Ten Years of Down the Road

The whole point of blogging today is to build community

I had dreams of being well known, maybe even famous, when I started this blog. I hoped I’d say things so interesting, even so profound, that my words and pictures would go viral.

We all see how that worked out.

Me at Crown Hill

Not famous.

WordPress says I have about 2,500 followers. But realistically I think that if you read Down the Road at least semi-regularly you number among a couple hundred people worldwide.

There are two ways to look at this.

One: This is a pretty good result. The Internet is cram packed with voices hoping to catch your attention. You have only so much attention to give. I work hard to deliver good work here and an interesting way of looking at life, but so do many thousands of others, many of whom have better skills than me.

Two: This is a terrible return on investment. I spend an average of ten hours a week in front of the WordPress editor to deliver words and photographs to you Monday through Saturday. Those hours come only after the considerable time I spend out with my cameras and just thinking about what I’ll write here. That’s an awful lot of work for, frankly, such a small audience.

But this presupposes that the point of blogging is to reach a very large audience. I think it’s not. At least not anymore. As I’ve written before, the era of hugely popular bloggers ended a long time ago. If you start a blog today, unless you’re already famous for some other reason it’s never going to find a huge readership.

To find blogging satisfaction, you have to redefine the investment.

At Down the Road, you regular readers have become a community. A loose one, anyway — it’s not like Down the Road Appreciation Societies are forming, or all of you are secretly conspiring to fly to Indianapolis to take me out for a beer. (But if you do ever show up here, I prefer whiskey.)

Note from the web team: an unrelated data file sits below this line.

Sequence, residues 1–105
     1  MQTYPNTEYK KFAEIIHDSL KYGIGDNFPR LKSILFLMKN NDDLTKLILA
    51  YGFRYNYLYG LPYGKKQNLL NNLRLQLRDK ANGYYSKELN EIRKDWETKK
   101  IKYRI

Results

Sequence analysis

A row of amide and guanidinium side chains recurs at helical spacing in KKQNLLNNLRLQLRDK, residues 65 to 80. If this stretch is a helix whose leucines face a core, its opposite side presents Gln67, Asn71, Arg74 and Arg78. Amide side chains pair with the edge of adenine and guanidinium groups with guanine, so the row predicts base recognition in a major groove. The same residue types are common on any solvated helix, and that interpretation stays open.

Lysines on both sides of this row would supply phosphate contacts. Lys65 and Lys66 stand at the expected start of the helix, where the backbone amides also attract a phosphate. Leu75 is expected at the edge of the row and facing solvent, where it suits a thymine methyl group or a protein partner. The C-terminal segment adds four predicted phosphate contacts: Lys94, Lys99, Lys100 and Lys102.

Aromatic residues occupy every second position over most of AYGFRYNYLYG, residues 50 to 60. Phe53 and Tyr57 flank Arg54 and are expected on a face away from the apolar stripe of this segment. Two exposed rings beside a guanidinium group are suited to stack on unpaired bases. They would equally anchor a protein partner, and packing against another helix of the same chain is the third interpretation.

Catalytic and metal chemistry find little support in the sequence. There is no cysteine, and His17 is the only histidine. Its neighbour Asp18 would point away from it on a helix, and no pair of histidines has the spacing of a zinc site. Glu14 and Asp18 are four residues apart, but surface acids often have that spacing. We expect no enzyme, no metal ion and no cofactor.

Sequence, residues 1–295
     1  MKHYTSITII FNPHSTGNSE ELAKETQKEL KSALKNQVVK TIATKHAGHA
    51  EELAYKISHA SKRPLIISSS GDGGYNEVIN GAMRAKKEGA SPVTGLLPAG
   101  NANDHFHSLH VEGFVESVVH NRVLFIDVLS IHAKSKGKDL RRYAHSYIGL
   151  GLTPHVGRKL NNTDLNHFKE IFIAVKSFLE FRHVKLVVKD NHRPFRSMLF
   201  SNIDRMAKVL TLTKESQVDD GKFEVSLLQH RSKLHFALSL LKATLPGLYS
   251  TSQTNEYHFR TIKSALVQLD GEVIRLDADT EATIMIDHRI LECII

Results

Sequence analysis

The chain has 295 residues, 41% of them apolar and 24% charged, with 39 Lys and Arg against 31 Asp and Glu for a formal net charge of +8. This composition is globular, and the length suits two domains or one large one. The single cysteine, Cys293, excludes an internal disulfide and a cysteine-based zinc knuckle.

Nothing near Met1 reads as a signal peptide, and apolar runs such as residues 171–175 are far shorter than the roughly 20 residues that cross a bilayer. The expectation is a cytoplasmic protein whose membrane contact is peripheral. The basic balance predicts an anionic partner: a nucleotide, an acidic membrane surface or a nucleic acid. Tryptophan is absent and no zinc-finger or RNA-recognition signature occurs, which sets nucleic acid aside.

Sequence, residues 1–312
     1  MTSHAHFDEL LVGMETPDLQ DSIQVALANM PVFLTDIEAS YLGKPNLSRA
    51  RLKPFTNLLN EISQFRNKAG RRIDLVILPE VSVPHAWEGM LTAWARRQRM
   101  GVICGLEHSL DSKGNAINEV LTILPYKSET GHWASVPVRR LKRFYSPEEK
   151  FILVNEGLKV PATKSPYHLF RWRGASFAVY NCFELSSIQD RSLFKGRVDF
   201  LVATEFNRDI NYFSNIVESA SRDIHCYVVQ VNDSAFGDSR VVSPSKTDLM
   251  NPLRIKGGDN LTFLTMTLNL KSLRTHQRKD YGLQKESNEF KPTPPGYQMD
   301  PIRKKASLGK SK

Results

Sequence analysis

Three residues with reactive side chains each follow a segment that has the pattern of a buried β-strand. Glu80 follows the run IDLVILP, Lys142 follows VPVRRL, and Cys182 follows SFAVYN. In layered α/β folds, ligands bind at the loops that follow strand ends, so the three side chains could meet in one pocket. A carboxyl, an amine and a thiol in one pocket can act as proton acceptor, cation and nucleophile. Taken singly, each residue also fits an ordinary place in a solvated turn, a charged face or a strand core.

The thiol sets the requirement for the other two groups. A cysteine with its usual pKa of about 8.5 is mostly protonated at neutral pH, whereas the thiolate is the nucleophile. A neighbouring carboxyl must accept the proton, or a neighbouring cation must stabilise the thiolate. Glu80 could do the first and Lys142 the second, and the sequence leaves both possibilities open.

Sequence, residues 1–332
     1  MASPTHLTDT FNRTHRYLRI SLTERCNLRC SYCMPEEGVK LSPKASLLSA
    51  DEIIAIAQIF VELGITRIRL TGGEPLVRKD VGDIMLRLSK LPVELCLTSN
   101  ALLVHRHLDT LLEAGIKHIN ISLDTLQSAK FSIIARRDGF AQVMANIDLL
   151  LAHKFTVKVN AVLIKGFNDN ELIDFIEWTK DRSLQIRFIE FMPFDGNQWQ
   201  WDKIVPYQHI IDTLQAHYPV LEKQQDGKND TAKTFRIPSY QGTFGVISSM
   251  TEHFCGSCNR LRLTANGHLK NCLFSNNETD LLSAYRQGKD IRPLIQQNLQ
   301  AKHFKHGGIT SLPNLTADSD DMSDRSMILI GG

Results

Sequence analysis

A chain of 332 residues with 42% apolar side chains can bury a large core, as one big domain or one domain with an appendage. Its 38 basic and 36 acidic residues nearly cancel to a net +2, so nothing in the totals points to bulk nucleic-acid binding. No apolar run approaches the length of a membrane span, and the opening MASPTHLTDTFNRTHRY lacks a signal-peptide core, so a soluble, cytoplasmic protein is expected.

But your interests overlap mine, and what I say and show are interesting enough for you to keep coming back. If you have a blog, too, I check it out sometimes and perhaps even include it in my regular reading list. We have conversation, here and on your blogs. We encourage each other and share our perspectives and even sometimes offer constructive criticism of each others’ work. I am absolutely a better photographer thanks to you. I hope you learn from me as well.

Community. That’s the point and purpose of blogging today. We might search for and never find that kind of community locally; few people around us might share our interests. But the Internet opens us to a much larger portion of the world. With a little effort, even the most esoteric interest can find community online.

I’ve put in that effort over the past decade, sharing my posts on social media and seeking out your work and interacting with you over it. And now here we all are, doing what we do and sharing the results with each other.

I still harbor a faint fantasy of fame. It’s incredibly unlikely ever to happen. But that’s OK, because this community is plenty satisfying. It takes the pressure off — I don’t need to be a guru or go viral. Nor do you. We can relax and just continue to share our mutual journeys of growth and fun.